02 June 2010

Science, Politics, PR and Social Media

One of the biggest complaints I had about the previous administration was its hostility toward science on everything from climate change to sex education to stem cell research.   Scientific reports were edited and censored to conform to a political agenda.  Scientists were marginalized.  These guys were "creating their own reality," and facts weren't simply inconvenient, they were irrelevant.  There's a book all about it.

So when I see something like this it makes my blood boil.  Scientists are apparently being told by a government agency (in this case, NOAA) that any data from the gulf oil spill they collect while on that agency's boats may only be publicized with that agency's permission.   The debate right now is over the existence of huge subsurface plumes of oil - a group of scientists (including these folks - GO DAWGS) have collected data that suggests the size, location and density of these plumes, while BP's CEO says flatly "there are no plumes."  Right now the head of NOAA is calling the scientists' data "circumstantial."

I'm not a scientist, so let's just assume these oil plumes, if they exist, are probably "bad."  

I really don't have a problem with the NOAA head being careful and hesitant to come to any conclusions on the plumes - the language of science is typically cautious, focusing on limitations and generally leaving open the possibility of error.  (Yet another PR challenge for scientists.)  But I strongly believe that if government wants to regain trust - particularly when it comes to issues of science - they need to err on the side of sharing, not concealing.   Here's why.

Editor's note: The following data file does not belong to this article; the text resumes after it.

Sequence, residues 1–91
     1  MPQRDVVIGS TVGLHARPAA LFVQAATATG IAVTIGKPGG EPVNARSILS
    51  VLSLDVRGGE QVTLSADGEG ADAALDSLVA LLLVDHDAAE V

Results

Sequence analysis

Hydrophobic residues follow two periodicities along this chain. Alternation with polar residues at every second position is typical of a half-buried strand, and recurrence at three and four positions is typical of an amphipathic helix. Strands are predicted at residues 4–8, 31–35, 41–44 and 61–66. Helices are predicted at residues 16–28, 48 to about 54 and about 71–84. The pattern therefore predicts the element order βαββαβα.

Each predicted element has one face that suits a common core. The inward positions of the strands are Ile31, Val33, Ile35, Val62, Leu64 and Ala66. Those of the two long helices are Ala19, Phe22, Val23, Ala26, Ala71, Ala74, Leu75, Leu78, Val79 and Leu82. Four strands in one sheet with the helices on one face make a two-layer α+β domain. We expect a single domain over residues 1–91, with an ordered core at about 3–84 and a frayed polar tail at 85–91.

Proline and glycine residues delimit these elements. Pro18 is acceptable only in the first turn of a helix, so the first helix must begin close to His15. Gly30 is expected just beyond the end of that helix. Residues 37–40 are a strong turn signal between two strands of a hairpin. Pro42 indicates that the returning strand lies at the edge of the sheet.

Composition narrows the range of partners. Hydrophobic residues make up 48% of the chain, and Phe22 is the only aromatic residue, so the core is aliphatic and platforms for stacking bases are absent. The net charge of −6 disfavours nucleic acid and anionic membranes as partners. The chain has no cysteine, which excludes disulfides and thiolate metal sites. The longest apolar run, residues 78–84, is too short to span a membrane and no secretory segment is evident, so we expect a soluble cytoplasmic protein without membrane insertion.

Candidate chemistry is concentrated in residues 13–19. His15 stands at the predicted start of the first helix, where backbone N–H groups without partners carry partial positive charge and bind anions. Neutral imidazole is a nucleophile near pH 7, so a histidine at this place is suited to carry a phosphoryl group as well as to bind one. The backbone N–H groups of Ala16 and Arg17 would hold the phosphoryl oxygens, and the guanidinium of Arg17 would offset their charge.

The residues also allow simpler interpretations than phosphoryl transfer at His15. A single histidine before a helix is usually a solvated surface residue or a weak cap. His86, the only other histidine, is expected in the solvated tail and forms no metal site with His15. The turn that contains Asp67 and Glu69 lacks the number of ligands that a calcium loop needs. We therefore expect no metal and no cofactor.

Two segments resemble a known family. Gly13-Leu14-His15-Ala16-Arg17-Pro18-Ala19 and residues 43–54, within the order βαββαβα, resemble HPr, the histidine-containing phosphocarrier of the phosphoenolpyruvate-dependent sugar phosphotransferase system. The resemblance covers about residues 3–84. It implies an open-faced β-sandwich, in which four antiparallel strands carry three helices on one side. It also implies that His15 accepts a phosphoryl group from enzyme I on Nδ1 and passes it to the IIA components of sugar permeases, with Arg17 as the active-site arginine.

Scientists share data.  It's what they do.  They collect data, analyze it, and then publish it.  That's essentially the entire job. Telling a scientist to stop sharing data is like telling a Red Sox fan to stop chanting "Yankees Suck."  Social media has helped scientists share data faster and more effectively than ever before.  Seriously, look at what the folks at Georgia and the University of South Florida and LSU and Southern Mississippi are doing. It's amazing stuff.  Then look more generally at what platforms like the Public Library of Science's PLOS One can do, providing open access to scientific research and then promoting that research.  No matter how hard you try to hide, say, a massive undersea oil plume - these folks are gonna find it and let others know.

Now of course the old political axiom "it's not the crime, it's the cover-up" comes into play.  RULE NUMBER ONE in PR:  NEVER LIE.  Nothing good ever comes of it.  The truth reveals itself one drip at a time, and you just look like the guy who can't plug a massive leak.


PunditMom said...

And since they're collecting the data on the taxpayer's dime, doesn't that mean we have a right to see it?

David said...

that's actually quite an important point, Joanne - I know NIH requires that sort of thing. Not sure what the rules are at NOAA, which I think is housed in the Dept of Commerce.

Anonymous said...

"Scientific reports were edited and censored to conform to a political agenda." Kinda funny, that sounds like the global warming "science."